Step 2 Assess the history

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1. Recent stress; change in weight, diet or exercise habits; or illnesses that might result in hypothalamic amenorrhea should be sought.

2. Drugs associated with amenorrhea, systemic illnesses that can cause hypothalamic amenorrhea, recent initiation or discontinuation of an oral contraceptive, androgenic drugs (danazol) or high-dose progestin, and antipsychotic drugs should be evaluated.

3. Headaches, visual field defects, fatigue, or polyuria and polydipsia may suggest hypothalamic-pituitary disease.

4. Symptoms of estrogen deficiency include hot flashes, vaginal dryness, poor sleep, or decreased libido.

5. Galactorrhea is suggestive of hyperprolactinemia. Hirsutism, acne, and a history of irregular menses are suggestive of hyperandrogenism.

6. A history of obstetrical catastrophe, severe bleeding, dilatation and curettage, or endometritis or other infection that might have caused scarring of the endometrial lining suggests Asherman's syndrome.

Causes of Primary and Secondary Amenorrhea




Anatomic abnormalities

Congenital abnormality in Mullerian development

Isolated defect Testicular feminization syndrome

5-Alpha-reductase deficiency

Vanishing testes syndrome Defect in testis determining factor

Congenital defect of urogenital sinus development

Agenesis of lower vagina Imperforate hymen

Acquired ablation or scarring of the endometrium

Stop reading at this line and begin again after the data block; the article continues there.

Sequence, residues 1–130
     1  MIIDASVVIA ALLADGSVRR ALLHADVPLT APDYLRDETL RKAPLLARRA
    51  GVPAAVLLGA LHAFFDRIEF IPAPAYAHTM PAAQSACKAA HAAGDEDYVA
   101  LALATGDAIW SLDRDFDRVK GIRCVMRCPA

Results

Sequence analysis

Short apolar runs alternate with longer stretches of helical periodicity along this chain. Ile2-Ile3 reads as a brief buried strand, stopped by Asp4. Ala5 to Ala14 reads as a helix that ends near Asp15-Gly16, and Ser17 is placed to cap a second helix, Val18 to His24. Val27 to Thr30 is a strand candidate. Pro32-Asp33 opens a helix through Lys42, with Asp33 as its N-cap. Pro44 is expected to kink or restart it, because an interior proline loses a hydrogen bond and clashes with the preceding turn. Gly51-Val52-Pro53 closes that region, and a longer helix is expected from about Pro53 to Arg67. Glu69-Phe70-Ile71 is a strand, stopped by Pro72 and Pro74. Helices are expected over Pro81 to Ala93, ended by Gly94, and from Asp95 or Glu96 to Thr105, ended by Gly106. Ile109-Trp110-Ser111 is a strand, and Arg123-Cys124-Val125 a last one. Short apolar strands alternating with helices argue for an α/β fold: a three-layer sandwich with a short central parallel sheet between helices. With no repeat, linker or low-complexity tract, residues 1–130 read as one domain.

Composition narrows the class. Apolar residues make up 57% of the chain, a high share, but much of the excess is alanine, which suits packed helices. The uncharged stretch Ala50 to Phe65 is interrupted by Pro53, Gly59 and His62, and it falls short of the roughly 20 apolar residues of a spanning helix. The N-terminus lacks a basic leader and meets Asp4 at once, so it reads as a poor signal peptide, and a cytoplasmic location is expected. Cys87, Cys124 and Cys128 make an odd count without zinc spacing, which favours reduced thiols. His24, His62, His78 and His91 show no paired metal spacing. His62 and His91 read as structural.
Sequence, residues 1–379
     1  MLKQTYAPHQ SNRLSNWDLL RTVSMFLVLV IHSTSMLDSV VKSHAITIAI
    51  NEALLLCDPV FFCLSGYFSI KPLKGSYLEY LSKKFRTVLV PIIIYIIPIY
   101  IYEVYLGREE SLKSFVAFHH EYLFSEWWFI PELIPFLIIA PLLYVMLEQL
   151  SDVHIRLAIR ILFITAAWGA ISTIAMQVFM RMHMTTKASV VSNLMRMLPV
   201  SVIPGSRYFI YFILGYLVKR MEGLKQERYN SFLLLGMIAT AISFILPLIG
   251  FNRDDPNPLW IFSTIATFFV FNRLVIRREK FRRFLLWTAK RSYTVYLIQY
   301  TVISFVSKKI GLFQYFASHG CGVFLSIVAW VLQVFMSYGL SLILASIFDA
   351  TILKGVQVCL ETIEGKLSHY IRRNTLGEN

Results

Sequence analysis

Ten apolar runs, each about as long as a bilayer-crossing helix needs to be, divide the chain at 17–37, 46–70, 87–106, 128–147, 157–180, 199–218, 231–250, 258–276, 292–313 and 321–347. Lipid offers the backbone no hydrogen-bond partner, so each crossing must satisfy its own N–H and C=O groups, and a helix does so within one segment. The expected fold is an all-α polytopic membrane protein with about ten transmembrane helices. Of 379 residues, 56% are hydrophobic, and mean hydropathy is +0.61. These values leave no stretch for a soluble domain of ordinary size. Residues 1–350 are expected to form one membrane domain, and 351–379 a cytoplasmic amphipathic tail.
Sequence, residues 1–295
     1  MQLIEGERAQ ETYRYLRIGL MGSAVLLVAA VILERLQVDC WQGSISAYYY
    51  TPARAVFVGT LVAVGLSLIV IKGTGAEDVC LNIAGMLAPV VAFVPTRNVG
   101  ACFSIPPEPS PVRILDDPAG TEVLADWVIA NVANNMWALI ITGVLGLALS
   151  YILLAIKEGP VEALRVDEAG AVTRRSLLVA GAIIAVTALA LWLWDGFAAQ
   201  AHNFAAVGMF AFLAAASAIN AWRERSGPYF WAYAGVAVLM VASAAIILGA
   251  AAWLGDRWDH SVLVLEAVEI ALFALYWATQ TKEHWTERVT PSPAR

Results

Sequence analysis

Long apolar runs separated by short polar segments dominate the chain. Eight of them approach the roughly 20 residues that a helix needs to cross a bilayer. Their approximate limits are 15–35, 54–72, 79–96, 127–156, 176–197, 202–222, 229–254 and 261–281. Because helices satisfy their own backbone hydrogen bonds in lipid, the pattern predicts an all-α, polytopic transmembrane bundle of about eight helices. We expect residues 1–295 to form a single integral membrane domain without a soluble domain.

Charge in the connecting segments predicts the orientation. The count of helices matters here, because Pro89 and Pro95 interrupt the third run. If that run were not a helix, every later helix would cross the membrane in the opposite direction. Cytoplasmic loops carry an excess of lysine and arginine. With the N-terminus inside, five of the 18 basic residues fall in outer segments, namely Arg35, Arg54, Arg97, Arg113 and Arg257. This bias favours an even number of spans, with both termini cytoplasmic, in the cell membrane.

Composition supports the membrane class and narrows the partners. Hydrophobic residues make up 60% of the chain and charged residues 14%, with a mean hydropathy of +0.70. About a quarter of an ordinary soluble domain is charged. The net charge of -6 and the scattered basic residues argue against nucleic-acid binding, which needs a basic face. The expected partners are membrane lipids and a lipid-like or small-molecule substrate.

Asherman's syndrome Tuberculosis

Disorders of hypothalamic-pituitary ovarian axis

Hypothalamic dysfunction

Pituitary dysfunction Ovarian dysfunction

Causes of Amenorrhea due to Abnormalities in the Hypothalamic-Pituitary-Ovarian Axis



Hypothalamic dysfunction

Functional hypothalamic amenorrhea

Weight loss, eating disorders



Severe or prolonged illness Congenital gonadotropin-releasing hormone deficiency Inflammatory or infiltrative diseases

Brain tumors - eg, craniopharyngioma Pituitary stalk dissection or compression

Cranial irradiation

Brain injury - trauma, hemorrhage, hydrocephalus

Other syndromes - Prader-Willi, Laurence-Moon-Biedl

Pituitary dysfunction

Hyperprolactinemia Other pituitary tumors-acromegaly, corticotroph adenomas (Cushing's disease) Other tumors - meningioma, germinoma, glioma Empty sella syndrome Pituitary infarct or apoplexy

Ovarian dysfunction

Ovarian failure (menopause) Spontaneous Premature (before age 40 years) Surgical


Hyperthyroidism Hypothyroidism Diabetes mellitus Exogenous androgen use

Drugs Associated with Amenorrhea

Drugs that Increase Prolactin

Antipsychotics Tricyclic antidepressants Calcium channel blockers

Drugs with Estrogenic Activity

Digoxin, marijuana, oral contraceptives

Drugs with Ovarian Toxicity

Chemotherapeutic agents

C. Step 3: Physical examination. Measurements of height and weight, signs of other illnesses, and evidence of cachexia should be assessed. The skin, breasts, and genital tissues should be evaluated for estrogen deficiency. The breasts should be palpated, including an attempt to express galactorrhea. The skin should be examined for hirsutism, acne, striae, acanthosis nigricans, vitiligo, thickness or thinness, and easy bruisability.

D. Step 4: Basic laboratory testing. In addition to measurement of serum hCG to rule out pregnancy, minimal laboratory testing should include measurements of serum prolactin, thyrotropin, and FSH to rule out hyperprolactinemia, thyroid disease, and ovarian failure (high serum FSH). If there is hirsutism, acne or irregular menses, serum dehydroepiandrosterone sulfate (DHEA-S) and testosterone should be measured.

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Acne Myths Uncovered

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